Welcome from the Department Chair
I hope you will explore this website and learn more about the programs and services available in this remarkable department.
I want to make two points about the Department of Molecular Biology.
First, our department is part of a vibrant and unique university. Princeton University seeks to achieve the highest levels of distinction in the discovery and transmission of knowledge and understanding. In other words, the university is all about discovery, teaching, and learning. It attracts exceptional faculty and students. This is a place for all those eager to learn, engage, and exchange ideas to be challenged and excel.
It is a small private university, with about 1,100 faculty instructing about 5,000 undergrads and 2,500 graduate students. Its students and faculty come from more than 98 countries. The faculty are world-class scholars in the humanities, social sciences, engineering, and the natural sciences. Importantly, there is no medical school, business school, or law school, but there are the schools of Architecture, Engineering and Applied Science, and the Woodrow Wilson School of Public and International Affairs. It is a beautiful university on 500 acres in a small town environment.
Second, the Department of Molecular Biology is a world-class department within this university. We are one of the largest of the University's 34 departments: 38 professors work in laboratories in five closely linked buildings.
As of June 2011, there were 127 undergraduate majors, 139 graduate students, and 132 postdoctoral fellows. Our faculty have won numerous prestigious awards (including the Nobel Prize and the Macarthur Genius award), are presidents of societies, editors of professional journals, and at least 10 are members of the National Academy of Sciences and the American Academy of Arts and Sciences. All do service work for their professions by being on journal editorial boards, serve on NIH study sections, and on various scientific advisory boards and foundations.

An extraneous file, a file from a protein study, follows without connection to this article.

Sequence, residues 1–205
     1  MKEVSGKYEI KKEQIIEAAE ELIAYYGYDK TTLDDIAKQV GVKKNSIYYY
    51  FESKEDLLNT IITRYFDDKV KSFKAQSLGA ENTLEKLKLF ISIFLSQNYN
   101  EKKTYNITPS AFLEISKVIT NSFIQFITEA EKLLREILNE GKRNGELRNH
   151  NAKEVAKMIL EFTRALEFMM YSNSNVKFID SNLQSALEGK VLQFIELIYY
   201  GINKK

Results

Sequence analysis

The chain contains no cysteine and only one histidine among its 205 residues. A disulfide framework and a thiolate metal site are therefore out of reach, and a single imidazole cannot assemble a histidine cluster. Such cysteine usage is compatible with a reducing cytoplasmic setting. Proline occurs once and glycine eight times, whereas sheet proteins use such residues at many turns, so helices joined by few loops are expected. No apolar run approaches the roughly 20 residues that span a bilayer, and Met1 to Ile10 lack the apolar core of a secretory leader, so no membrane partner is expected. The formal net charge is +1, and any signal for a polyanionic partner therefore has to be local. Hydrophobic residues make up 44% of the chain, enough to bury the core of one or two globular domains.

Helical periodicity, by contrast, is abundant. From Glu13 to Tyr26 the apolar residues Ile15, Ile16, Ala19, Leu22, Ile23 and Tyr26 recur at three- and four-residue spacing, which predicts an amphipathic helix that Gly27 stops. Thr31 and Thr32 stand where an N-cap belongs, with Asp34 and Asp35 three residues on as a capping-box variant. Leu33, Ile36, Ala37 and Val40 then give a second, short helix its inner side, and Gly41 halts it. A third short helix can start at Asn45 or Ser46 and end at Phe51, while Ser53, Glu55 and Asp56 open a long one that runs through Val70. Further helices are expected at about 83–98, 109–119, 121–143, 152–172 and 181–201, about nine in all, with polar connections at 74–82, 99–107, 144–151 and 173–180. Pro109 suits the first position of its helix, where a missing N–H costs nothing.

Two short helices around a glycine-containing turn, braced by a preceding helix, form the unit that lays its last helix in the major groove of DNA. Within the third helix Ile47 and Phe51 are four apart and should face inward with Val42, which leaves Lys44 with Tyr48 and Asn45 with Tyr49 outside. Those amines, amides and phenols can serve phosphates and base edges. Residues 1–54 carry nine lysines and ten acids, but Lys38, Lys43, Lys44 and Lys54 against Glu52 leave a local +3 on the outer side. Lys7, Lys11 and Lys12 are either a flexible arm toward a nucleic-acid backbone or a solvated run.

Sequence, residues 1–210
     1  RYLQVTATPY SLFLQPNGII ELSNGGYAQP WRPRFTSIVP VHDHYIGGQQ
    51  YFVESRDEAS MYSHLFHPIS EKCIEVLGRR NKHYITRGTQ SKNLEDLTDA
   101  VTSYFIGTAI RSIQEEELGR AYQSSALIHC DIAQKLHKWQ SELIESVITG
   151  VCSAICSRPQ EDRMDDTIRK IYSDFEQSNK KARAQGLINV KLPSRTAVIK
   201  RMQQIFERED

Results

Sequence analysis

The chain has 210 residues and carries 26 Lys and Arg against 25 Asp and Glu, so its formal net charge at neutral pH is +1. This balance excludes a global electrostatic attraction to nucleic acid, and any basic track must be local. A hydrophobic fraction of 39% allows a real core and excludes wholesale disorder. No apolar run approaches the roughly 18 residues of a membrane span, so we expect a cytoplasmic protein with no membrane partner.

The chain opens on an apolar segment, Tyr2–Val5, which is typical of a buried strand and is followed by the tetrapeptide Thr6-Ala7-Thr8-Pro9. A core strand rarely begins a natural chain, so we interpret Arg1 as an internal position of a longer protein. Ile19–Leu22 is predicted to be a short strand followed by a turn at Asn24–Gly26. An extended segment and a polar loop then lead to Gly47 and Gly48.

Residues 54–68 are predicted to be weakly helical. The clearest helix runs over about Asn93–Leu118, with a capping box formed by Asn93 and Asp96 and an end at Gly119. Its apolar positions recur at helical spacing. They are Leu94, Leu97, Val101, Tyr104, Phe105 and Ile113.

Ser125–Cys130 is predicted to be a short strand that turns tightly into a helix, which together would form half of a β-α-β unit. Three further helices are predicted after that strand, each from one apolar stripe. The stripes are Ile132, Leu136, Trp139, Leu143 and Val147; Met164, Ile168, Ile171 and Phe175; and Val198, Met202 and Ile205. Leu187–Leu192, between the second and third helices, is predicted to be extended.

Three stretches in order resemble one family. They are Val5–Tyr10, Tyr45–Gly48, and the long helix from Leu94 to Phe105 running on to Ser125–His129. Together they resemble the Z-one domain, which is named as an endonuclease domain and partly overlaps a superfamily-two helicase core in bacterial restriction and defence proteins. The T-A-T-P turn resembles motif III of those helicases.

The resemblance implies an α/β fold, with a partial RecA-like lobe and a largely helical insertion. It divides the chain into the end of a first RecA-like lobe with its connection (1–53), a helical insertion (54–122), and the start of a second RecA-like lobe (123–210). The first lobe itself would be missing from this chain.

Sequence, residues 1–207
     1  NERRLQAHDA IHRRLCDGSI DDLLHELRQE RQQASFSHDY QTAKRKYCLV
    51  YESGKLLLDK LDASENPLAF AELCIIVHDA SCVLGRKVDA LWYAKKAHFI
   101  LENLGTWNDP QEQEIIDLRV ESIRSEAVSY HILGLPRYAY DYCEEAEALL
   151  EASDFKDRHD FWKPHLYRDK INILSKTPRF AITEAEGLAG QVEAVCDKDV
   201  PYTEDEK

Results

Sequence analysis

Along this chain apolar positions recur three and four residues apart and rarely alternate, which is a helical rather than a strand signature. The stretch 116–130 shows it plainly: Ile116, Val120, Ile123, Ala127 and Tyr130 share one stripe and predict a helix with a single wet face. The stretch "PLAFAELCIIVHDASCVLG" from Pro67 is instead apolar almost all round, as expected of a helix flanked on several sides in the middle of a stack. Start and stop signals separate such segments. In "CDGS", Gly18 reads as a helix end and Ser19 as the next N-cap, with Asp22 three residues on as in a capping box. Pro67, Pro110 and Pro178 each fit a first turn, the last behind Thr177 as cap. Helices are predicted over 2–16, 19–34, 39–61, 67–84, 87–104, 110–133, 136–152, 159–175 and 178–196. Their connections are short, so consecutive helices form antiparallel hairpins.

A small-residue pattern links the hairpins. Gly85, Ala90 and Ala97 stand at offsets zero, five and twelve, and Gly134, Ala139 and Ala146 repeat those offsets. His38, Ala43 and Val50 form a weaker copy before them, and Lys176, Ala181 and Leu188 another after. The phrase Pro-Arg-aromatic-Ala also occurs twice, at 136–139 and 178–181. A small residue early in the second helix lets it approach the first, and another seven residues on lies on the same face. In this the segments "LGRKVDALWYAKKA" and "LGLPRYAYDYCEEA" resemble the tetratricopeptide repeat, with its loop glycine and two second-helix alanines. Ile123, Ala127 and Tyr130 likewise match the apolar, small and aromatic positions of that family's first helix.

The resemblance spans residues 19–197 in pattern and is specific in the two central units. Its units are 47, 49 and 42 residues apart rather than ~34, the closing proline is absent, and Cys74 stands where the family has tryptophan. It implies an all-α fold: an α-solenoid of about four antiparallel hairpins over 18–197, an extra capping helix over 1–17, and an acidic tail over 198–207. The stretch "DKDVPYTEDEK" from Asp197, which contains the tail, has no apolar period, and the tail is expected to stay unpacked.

The department faculty are diverse in their research interests in molecular, cell, and systems biology ranging from studies with viruses, bacteria and yeast to research with worms, flies, fish, and mice. Many of our faculty have joint appointments in the Lewis Sigler Institute for Integrative Genomics or the Princeton Neuroscience Institute. At least 12 colleagues from other departments such as Physics, Chemistry, Ecology and Evolutionary Biology, Computer Sciences, and Chemical and Biological Engineering participate in our graduate program by teaching and training students. The facile interactions among departments and institutes provide an exceptional environment for training students and doing research.
Our curricula for undergraduates and graduates are based on the principle of providing the fundamental knowledge needed to be fluent and competitive in the new, rapidly unfolding arenas of biology. We believe in learning by doing. Our undergraduate molbio majors and our graduate students all have access to a wide array of departmental facilities and are trained on state of the art equipment by professionals.
In the last 8 years, the Department has hired 11 new assistant professors – an amazing growth rate that demonstrates the university's commitment to teaching and new areas of research. We hired new faculty with expertise in genomics, proteomics, cancer biology, developmental biology, neurobiology, and microbiology, for example. We have created new certificate programs for undergraduates in global health, neuroscience, and quantitative biology. We have made a multimillion dollar investment in teaching and service laboratories to provide graduate students with state of the art lab space and equipment.
This web site will provide detailed information on what's going on in the department, highlighting each faculty member and their laboratories, the service groups, our administrative staff, as well as our training programs – and much more. As you explore this site, I know you will find even more evidence to support my assertion that the Department of Molecular Biology provides an exceptional training and work environment for those talented and dedicated individuals who are strongly motivated to uncover the new frontiers in biology.
Lynn W. Enquist
Chair, Department of Molecular Biology